An internationally competitive award from the Australian Government is allowing a senior Bhutanese education official to conduct research at the University of New England that will help in the development of Bhutan’s national education assessment program.
Dr Phub Rinchen (pictured here), Secretary of the Bhutan Board of Examinations, is spending four months in UNE’s School of Education, where his research is preparing him to coordinate a National Education Assessment in literacy and numeracy for Grade 6 students throughout Bhutan in November.
Dr Rinchen’s visit to UNE, which is funded by an Australian Government Endeavour Award, is the most recent development in a long-standing relationship between the University and Bhutan’s Ministry of Education. This relationship began in 1992 with the Bhutanese Multigrade Attachment Program which, over a period of about 15 years, enabled teachers at small, remote schools in Bhutan to receive specialised training at UNE. Dr Rinchen studied at UNE as a part-time student from 1992, graduating with a Doctor of Education degree in 2001.
In 2003 he coordinated Bhutan’s first National Education Assessment for Grade 6 literacy and numeracy, and the assessment in November will be the second. While at UNE he will be working closely with academics in the School of Education, and he will also spend some time in Sydney working with the Educational Measurement and School Assessment Directorate of the NSW Department of Education and Training.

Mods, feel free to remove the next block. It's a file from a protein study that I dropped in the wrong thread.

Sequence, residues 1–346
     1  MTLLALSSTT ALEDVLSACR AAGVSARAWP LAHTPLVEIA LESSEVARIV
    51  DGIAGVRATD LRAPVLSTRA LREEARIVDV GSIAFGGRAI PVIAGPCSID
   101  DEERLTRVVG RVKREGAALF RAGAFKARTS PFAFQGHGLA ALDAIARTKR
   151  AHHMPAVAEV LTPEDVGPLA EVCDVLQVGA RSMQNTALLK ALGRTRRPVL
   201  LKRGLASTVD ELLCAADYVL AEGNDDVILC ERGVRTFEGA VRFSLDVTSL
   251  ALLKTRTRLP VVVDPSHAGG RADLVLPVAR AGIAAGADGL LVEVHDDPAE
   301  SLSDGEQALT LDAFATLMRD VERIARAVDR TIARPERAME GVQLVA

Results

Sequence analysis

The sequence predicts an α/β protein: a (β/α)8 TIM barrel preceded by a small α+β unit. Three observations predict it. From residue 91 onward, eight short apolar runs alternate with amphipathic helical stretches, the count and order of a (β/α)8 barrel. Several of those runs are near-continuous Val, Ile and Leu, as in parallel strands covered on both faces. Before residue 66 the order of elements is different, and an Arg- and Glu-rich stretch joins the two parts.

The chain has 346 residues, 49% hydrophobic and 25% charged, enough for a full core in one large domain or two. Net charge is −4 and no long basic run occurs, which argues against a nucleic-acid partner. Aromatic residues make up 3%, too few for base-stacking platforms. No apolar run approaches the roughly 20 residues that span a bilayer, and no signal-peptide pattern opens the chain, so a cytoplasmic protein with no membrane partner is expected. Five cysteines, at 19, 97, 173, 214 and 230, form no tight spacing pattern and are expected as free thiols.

Professor Len Unsworth, Head of UNE’s School of Education, said that Dr Rinchen’s visit “further consolidates the very strong relationship between us and our Bhutanese colleagues”.
“Our staff members will have the opportunity to interact with a very high-ranking education official from Bhutan,” Professor Unsworth said. “Having an experienced person from a different culture cast a critical eye over our assessment practices will provide us with important feedback.”
“Over the years, we’ve learnt a lot from each other,” Dr Rinchen said. “When we were setting up the Royal University of Bhutan a few years ago, UNE was one of our models. Our ties continue to strengthen, and there are many avenues for future collaboration between UNE and the Bhutan Ministry of Education and the Royal University of Bhutan.”
He pointed out that Australia and Bhutan both have many rural communities with small schools, and said he had visited many such schools in NSW.
Dr Rinchen arrived at UNE on the 1st of March and will return to Bhutan at the end of June. “I feel highly honoured – as well as privileged – to have this opportunity of a professional development program, sponsored by the Australian Government’s Department of Education, Employment and Workplace Relations, to improve national education assessment in Bhutan,” he said. “I am also highly indebted to UNE’s School of Education for hosting the program; the support from the University, and Associate Professor Tom Maxwell (my supervisor), is excellent.”
The Endeavour Awards program provides opportunities for citizens of the Asia-Pacific, Middle East, Europe and the Americas to undertake study, research and professional development in Austrlaia. Awards are also available for Australians to do the same abroad.